Receiving an early diagnosis for a disease can be a double-edged sword. While an early diagnosis can sometimes provide opportunities for better long-term care planning, a new study has shown that receiving an early diagnosis of Alzheimer’s disease and related dementias (ADRDs) can have unintended social consequences, particularly on social activity. Luckily, the study further sheds light on how you can intentionally combat its decline.
To examine whether an early ADRDs diagnosis impacts social activity, researchers used longitudinal data collected in 2012, 2014, and 2016 by the nationally representative Health and Retirement Study. The sample consisted of 2,294 respondents, aged 51 or better, who stated in 2012 that they had not received an ADRD diagnosis. In 2014, researchers categorized these respondents into two groups according to whether they had since received an ADRD diagnosis.
In 2016, researchers then examined how social engagement, perceptions of social support, and network size differed between the two groups. Social engagement included both formal engagement (including volunteering with children, other volunteering, attending educational programs, sports games, and social events with clubs or non-religious organizations) and informal engagement (including frequency of meeting with others in person and talking on the phone). Perceived support included both positive and negative social support. Network size included the overall size of one’s social network and number of close ties.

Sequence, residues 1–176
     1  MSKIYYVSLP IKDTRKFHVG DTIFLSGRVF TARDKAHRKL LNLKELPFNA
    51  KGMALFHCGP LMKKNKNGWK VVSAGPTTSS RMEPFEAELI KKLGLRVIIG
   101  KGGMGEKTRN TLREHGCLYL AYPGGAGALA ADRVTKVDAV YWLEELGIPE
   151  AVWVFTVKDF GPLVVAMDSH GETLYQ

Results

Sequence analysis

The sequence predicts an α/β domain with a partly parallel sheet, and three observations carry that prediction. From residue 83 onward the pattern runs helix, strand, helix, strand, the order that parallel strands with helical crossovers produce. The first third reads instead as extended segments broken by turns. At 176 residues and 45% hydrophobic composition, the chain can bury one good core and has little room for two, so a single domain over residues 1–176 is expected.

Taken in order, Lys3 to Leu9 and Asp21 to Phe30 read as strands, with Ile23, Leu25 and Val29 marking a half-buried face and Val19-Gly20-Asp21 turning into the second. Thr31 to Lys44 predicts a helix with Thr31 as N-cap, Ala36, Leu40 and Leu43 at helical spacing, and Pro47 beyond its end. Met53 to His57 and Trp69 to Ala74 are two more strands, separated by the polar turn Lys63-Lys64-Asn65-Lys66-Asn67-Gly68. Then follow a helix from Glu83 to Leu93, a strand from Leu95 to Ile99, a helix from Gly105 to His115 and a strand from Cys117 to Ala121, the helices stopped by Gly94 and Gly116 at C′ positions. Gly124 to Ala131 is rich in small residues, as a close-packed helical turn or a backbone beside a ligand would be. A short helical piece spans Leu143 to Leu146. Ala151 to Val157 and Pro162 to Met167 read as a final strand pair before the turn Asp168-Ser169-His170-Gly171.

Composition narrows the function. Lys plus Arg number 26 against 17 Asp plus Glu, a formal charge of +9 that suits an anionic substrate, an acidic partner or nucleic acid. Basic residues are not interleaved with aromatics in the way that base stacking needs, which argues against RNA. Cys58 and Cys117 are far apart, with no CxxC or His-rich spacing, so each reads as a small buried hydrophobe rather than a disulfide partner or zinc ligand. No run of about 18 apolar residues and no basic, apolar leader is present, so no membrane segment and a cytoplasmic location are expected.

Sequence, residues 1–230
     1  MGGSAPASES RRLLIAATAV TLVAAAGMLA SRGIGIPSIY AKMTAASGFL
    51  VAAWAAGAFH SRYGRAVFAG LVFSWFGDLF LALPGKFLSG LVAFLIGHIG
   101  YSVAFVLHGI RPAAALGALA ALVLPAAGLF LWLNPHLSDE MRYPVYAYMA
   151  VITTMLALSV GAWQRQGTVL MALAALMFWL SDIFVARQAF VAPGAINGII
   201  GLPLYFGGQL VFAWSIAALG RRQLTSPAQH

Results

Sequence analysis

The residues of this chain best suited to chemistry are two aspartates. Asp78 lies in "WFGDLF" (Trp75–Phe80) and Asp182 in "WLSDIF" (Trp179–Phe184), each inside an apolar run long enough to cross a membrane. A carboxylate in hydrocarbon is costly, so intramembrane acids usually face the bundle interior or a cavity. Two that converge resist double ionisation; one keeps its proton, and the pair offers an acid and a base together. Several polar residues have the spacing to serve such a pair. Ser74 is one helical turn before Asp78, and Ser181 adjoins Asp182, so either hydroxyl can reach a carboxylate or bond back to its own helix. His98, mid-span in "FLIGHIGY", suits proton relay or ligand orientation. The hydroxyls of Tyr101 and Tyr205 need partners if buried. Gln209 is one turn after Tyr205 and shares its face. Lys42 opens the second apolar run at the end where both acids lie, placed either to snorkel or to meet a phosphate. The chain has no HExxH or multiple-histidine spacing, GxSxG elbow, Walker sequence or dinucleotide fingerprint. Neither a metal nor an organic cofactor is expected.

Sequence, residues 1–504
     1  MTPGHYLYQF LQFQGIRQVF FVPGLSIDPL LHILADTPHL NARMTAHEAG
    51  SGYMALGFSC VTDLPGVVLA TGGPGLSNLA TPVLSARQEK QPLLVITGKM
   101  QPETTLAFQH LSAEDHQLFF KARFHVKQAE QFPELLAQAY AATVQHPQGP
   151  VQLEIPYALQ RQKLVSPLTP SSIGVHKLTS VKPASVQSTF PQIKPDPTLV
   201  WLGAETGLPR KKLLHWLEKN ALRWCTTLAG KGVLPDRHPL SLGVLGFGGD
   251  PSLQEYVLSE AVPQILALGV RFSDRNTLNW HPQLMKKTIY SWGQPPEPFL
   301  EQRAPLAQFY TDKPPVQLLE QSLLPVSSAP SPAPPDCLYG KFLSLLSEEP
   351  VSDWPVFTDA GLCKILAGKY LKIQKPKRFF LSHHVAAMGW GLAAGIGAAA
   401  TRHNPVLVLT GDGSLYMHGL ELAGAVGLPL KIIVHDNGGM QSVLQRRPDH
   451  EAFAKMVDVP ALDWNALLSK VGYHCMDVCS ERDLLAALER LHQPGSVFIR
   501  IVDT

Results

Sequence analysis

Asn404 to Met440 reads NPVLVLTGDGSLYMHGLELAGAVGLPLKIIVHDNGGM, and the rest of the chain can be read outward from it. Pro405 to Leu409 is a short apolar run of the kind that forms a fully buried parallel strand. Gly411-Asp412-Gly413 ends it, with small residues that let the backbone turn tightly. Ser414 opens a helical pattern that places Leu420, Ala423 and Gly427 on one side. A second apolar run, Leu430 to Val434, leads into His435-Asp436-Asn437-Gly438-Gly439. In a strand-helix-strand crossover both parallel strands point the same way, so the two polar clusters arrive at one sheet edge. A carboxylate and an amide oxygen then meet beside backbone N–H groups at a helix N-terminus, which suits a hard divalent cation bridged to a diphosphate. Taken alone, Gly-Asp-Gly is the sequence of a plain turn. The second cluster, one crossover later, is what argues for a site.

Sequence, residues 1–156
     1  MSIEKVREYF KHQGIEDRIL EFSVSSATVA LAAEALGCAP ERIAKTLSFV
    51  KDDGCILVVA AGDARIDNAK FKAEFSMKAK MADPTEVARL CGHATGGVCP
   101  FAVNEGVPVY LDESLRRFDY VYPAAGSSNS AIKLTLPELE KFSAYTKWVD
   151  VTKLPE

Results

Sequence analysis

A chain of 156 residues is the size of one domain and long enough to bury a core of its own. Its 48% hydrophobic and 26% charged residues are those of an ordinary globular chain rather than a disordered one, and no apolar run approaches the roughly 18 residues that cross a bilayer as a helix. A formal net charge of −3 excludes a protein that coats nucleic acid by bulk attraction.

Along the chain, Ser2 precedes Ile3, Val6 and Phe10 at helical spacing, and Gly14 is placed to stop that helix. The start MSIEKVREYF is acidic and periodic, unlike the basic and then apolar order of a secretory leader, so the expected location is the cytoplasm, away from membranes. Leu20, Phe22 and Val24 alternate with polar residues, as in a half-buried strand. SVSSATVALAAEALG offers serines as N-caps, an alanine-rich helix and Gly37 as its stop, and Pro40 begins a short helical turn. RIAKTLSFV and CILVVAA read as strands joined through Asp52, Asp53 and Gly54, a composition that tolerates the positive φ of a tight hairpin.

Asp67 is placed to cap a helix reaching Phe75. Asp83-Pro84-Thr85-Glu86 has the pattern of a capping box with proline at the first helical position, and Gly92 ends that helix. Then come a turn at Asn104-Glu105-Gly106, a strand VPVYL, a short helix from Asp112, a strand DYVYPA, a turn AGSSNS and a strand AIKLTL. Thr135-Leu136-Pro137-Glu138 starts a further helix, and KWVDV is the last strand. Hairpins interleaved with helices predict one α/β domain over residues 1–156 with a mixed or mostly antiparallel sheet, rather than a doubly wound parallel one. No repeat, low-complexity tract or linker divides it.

The findings indicated that receiving an early ADRDs diagnosis differently impacts social activity. Fortunately, researchers found that receiving an early ADRDs diagnosis was not significantly associated with network size or perceptions of social support. Following an early ADRD diagnosis, however, respondents were particularly less likely to partake in formal engagements like attending sports or other social events, and less likely to partake in informal social engagements like talking on the phone or face-to-face socializing.
It is now clear that practitioners and policy makers must identify strategies to alleviate the unintended consequences of receiving an early ADRD diagnosis and mobilize support networks. Fortunately, researchers suggest that promoting informal social engagement though activities like face-to-face and telephone contact is a great place to start!
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Amano, T., Reynolds, A., Scher, C., & Jia, Y. (2021). The Effect of Receiving a Diagnosis of Alzheimer’s Disease and Related Dementias on Social Relationships of Older Adults. Dementia & Geriatric Cognitive Disorders, 50(4), 401-6.